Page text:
OKLAHOMA CITY (June 22, 2020) — TSET-funded programs, Tobacco Stops With Me and Hospitals Helping Patients Quit, are featured in the recently published Centers for Disease Control and Prevention’s Best Practices User Guides for Cessation in Tobacco Prevention and Control. The purpose of the user guides is to translate evidence-based best practices and research into practical guidance for tobacco control programs and partners across the country.
“Since its inception, TSET has always sought out the latest research and current thinking on health communications, cessation guidelines and program infrastructure,” said Julie Bisbee, TSET executive director. “For TSET to be featured as a model for the nation is a great honor and shows our commitment to excellence in creating evidence-based health solutions for Oklahomans.”
One of only two case studies featured by the CDC was Oklahoma’s Hospitals Helping Patients Quit, an initiative of the Oklahoma Hospital Association funded by TSET. Oklahoma hospitals admit approximately 120,000 tobacco users each year, many for diseases directly related to tobacco use. To reduce illness and tobacco-use related deaths, the program seeks to educate patients and refer them to the Oklahoma Tobacco Helpline (1-800-QUIT NOW or OKhelpline.com).
To date, HHPQ has assisted more than 50 hospitals across the state in helping hospitals be a partner in reducing tobacco use. By 2019, OHA had referred more than 40,000 patients to the Oklahoma Tobacco Helpline for free coaching and nicotine gum, lozenges and patches.
In addition to Helpline referrals, the initiative has helped hospitals and clinics to:
- Screen every patient for tobacco use
- Integrate tobacco use treatment into clinical protocols
- Adopt and use electronic health records (EHRs) to treat tobacco use and refer patients to counseling
- Help health systems implement tobacco-free campuses policies
“OHA’s program being highlighted in a CDC document is an honor,” said Patti Davis, OHA president. “I am extremely proud of the efforts of our team and partner hospitals and health systems to help patients quit smoking! This is an excellent example of the innovation and success of a public/private partnership being accomplished by TSET and its partners.”
The CDC also recognized Tobacco Stops With Me as an example for Educating Employers and Insurers on Benefits of Cessation Coverage. The CDC highlight includes a website banner from StopsWithMe.com that reads, “DID YOU KNOW: Employees who take four 10-minute smoke breaks a day actually work one month less per year than workers who do not take smoke breaks?”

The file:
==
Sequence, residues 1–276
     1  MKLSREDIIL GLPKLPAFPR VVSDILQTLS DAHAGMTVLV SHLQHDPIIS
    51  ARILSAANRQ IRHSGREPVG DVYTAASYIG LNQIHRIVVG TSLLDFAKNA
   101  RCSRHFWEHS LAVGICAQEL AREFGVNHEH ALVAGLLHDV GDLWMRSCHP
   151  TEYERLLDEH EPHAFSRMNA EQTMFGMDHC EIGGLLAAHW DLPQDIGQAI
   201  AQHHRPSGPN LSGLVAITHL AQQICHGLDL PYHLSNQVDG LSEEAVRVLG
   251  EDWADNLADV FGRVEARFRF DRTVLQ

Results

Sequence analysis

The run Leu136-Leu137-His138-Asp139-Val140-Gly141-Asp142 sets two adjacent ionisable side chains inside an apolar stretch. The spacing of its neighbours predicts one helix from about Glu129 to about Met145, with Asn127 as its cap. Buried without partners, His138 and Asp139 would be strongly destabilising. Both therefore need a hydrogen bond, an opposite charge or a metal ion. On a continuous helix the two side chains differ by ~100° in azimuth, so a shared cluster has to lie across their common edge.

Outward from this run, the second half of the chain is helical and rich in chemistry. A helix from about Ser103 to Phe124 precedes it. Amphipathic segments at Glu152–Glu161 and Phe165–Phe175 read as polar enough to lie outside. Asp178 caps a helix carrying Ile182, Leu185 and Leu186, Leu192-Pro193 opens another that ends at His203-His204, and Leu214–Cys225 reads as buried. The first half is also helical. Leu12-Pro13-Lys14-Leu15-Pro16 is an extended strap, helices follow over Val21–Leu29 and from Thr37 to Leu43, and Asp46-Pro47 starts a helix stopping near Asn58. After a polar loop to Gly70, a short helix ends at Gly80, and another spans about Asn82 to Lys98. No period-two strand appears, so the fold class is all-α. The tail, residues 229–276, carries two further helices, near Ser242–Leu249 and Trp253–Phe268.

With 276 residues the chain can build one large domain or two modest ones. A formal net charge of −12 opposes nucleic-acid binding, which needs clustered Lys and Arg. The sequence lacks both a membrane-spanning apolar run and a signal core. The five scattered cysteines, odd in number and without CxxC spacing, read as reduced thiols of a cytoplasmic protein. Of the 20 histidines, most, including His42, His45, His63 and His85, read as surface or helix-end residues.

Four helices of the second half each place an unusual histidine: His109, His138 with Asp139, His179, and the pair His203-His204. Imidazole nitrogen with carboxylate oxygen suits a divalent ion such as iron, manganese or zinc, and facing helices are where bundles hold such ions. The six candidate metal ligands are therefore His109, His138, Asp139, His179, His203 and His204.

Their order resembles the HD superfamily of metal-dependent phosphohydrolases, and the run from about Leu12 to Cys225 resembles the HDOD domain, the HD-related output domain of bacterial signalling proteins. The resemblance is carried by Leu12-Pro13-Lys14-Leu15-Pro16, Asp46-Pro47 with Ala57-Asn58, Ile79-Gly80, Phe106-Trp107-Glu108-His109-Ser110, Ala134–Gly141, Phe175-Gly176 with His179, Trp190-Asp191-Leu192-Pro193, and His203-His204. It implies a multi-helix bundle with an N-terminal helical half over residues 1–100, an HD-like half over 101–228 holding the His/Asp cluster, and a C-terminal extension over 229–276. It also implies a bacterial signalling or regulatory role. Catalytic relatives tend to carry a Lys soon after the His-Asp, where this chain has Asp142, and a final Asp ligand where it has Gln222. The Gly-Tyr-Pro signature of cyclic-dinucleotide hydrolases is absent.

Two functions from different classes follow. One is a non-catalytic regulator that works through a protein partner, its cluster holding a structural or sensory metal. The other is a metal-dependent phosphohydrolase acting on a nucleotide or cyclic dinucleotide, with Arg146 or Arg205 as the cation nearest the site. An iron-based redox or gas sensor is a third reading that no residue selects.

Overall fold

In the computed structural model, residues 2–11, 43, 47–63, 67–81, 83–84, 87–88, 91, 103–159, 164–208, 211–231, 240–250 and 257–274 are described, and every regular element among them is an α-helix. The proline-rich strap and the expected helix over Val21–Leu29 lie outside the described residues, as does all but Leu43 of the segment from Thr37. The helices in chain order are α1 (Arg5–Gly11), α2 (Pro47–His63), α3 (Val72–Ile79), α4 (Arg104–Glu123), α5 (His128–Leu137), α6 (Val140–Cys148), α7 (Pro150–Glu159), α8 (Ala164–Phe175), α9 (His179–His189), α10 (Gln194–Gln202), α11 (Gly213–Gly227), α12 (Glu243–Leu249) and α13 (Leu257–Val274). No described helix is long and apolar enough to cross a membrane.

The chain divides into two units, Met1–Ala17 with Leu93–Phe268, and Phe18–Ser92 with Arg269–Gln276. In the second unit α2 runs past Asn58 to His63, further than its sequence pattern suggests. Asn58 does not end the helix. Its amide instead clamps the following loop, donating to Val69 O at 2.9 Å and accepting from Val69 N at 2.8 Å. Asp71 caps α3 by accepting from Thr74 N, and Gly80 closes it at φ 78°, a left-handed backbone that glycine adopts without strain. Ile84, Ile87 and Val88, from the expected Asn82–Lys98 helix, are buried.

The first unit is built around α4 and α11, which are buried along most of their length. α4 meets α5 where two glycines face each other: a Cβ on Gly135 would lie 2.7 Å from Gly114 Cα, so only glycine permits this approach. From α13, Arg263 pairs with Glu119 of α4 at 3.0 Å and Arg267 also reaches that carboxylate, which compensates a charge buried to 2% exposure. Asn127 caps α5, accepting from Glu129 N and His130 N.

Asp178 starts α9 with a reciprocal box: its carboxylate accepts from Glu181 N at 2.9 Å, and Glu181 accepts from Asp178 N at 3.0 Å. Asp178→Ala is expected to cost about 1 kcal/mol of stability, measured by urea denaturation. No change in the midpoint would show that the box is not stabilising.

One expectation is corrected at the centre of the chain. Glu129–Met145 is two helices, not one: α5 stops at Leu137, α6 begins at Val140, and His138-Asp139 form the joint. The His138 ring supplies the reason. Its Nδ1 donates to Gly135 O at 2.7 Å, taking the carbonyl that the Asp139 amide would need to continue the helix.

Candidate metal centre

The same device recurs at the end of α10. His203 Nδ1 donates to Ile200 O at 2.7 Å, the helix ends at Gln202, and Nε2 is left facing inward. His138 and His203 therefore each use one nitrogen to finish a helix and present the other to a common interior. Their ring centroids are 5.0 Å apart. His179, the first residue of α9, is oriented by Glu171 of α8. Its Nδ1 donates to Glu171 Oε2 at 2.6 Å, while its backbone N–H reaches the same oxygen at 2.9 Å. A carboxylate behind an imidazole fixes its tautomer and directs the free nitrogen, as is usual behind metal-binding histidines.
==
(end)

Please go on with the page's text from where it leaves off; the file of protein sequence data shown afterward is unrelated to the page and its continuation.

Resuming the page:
Tobacco Stops With Me provides health communication interventions meant to educate the public and businesses about harms of tobacco use and secondhand smoke. According to the CDC, people who smoke have higher health and life insurance costs, more missed days of work and lower productivity than people who do not smoke.
The guide was produced for the CDC by the Center for Public Health Systems Science at the Brown School at Washington University in St. Louis.
To view the Cessation in Tobacco Prevention and Control User Guide, visit cdc.gov/tobacco/stateandcommunity. Tobacco Stops With Me is featured on page 20, and the HHPQ case study is on pages 46-47.
About Tobacco Stops With Me
Tobacco Stops With Me is a statewide campaign, funded through the Oklahoma Tobacco Settlement Trust, that provides an efficient, emotional and highly recognizable tobacco-free message for Oklahomans to rally around. By educating the public about the negative effects and impact of tobacco, the goal of Tobacco Stops With Me is to prevent and reduce tobacco use, and improve the health and quality of life of every Oklahoman. Tobacco Stops With Me aims to inspire individuals to make positive changes—not only for their own health, but for the health of the entire state as well.
About the Oklahoma Tobacco Helpline
The Oklahoma Tobacco Helpline is a free service for Oklahomans wanting to help themselves, loved ones, patients or employees live tobacco free. Funding is primarily provided by the Oklahoma Tobacco Settlement Endowment Trust (TSET), in partnership with the Oklahoma State Department of Health, Oklahoma Health Care Authority, and the Centers for Disease Control and Prevention. The Oklahoma Tobacco Helpline has served nearly 400,000 Oklahomans since 2003 and has been ranked among the top quitlines for reaching tobacco users seeking treatment for the last 10 years by the North American Quitline Consortium.
The Oklahoma Tobacco Settlement Endowment Trust (TSET) serves as a partner and bridge-builder for organizations working toward shaping a healthier future for all Oklahomans. TSET provides leadership at the intersections of health by working across the state, by cultivating innovative and life-changing research, and by working across public and private sectors to develop, support, implement and evaluate creative strategies to take advantage of emerging opportunities to improve the public's health. To learn more, visit www.ok.gov/tset.
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